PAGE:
Two years ago 5-year-old Jaclyn Santos-Sacramento was struck and killed on a sidewalk in Highland Park by a car. After “huffing” cleaning chemical, Carly Rousso, then 17, passed out behind the wheel of her father’s Lexus and veered across lanes of oncoming traffic and onto the sidewalk where Santos-Sacramento, her two brothers and mother were walking. According to WGN, Rousso pled guilty to reckless homicide, and was convicted of four counts of DUI. A judge has just sentenced Rousso to five years in prison, NBC 5 Chicago reports.
Correction (posted Thursday, Sept. 18, 2014): An earlier version of the NBC 5 article reported Rousso's prison sentence as nine years. The article has since been updated, as Rousso was actually sentenced to five years. We apologize for the error.
2. Rallies Continue After Chicago Police Shoot Third Black Man
Protestors took to the streets of Chicago’s Near West Side neighborhood after police shot another young black man over the weekend, the third incident in the last three weeks. The rally focused mainly on the shooting of Denzel Ford, 20, who was shot while being arrested for alleged involvement in the selling of narcotics, according to the Huffington Post. After trying to run over an office with his vehicle, Ford was shot multiple times in the upper body and taken to Stroger Hospital in critical condition. He was later charged with a total of five felonies.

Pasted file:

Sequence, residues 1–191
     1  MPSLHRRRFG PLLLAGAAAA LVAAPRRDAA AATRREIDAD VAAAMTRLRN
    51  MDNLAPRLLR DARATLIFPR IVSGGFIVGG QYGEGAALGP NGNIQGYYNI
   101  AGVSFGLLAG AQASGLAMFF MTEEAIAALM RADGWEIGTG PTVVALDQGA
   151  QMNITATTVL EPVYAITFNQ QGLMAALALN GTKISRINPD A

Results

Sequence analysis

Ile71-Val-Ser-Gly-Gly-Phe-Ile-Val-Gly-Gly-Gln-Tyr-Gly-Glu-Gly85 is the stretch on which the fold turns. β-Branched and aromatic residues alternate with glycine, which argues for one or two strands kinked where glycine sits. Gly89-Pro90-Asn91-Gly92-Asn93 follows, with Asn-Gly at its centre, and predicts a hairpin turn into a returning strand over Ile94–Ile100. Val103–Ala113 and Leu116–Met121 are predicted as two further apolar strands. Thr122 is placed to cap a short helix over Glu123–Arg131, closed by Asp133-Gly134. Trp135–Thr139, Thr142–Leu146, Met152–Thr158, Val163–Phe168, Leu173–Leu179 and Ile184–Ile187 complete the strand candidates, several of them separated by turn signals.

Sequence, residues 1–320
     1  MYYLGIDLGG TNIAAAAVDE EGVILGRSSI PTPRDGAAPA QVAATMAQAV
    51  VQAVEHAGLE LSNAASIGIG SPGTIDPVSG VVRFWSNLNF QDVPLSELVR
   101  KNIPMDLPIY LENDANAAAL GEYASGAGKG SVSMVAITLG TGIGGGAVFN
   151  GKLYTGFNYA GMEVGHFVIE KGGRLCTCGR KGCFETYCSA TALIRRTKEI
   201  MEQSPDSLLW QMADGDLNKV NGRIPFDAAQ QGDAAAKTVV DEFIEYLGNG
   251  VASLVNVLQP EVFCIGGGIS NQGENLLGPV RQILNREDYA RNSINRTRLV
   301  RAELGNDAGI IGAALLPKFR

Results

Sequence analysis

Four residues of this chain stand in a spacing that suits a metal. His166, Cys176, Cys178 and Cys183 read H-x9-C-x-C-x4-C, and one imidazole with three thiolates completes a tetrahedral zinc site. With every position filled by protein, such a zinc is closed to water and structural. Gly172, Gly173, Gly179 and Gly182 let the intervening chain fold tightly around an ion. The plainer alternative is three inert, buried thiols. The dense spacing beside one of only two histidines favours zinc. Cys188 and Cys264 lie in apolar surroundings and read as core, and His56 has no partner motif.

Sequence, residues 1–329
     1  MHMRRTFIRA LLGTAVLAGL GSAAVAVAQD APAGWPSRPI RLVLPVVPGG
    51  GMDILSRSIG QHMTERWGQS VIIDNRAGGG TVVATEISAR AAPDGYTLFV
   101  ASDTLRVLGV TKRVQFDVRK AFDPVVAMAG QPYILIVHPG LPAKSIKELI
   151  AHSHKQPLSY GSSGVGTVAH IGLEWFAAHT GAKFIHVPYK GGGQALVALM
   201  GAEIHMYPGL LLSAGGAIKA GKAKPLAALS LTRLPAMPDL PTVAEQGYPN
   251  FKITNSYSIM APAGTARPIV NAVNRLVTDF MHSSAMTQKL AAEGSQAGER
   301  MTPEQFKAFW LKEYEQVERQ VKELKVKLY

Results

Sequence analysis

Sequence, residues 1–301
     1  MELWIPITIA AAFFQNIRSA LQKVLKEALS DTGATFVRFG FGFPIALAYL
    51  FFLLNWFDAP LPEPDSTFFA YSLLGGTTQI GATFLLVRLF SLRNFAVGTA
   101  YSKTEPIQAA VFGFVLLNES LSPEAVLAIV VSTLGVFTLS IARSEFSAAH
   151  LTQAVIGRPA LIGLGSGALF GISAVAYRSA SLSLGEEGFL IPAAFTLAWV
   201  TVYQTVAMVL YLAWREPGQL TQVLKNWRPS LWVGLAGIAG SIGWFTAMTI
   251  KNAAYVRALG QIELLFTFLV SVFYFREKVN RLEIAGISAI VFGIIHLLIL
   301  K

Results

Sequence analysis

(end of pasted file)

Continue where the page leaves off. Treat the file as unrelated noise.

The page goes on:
3. Adrian Peterson Banned from Team Activities
Star running back Adrian Peterson of the Minnesota Vikings has been put on the NFL exempt list, suspending him from all team activities. According to the Chicago Tribune, Peterson faces court in Texas for reckless or negligent injury to a child, stemming from a whipping incident that reportedly left bruises and wounds on his 4-year-old son. The NFL Players Association released a statement including, “Adrian Peterson made a decision to take a voluntary leave with pay to take care of his personal and legal issues.”
4. Increase in Rats to Follow Uptown CTA Demolition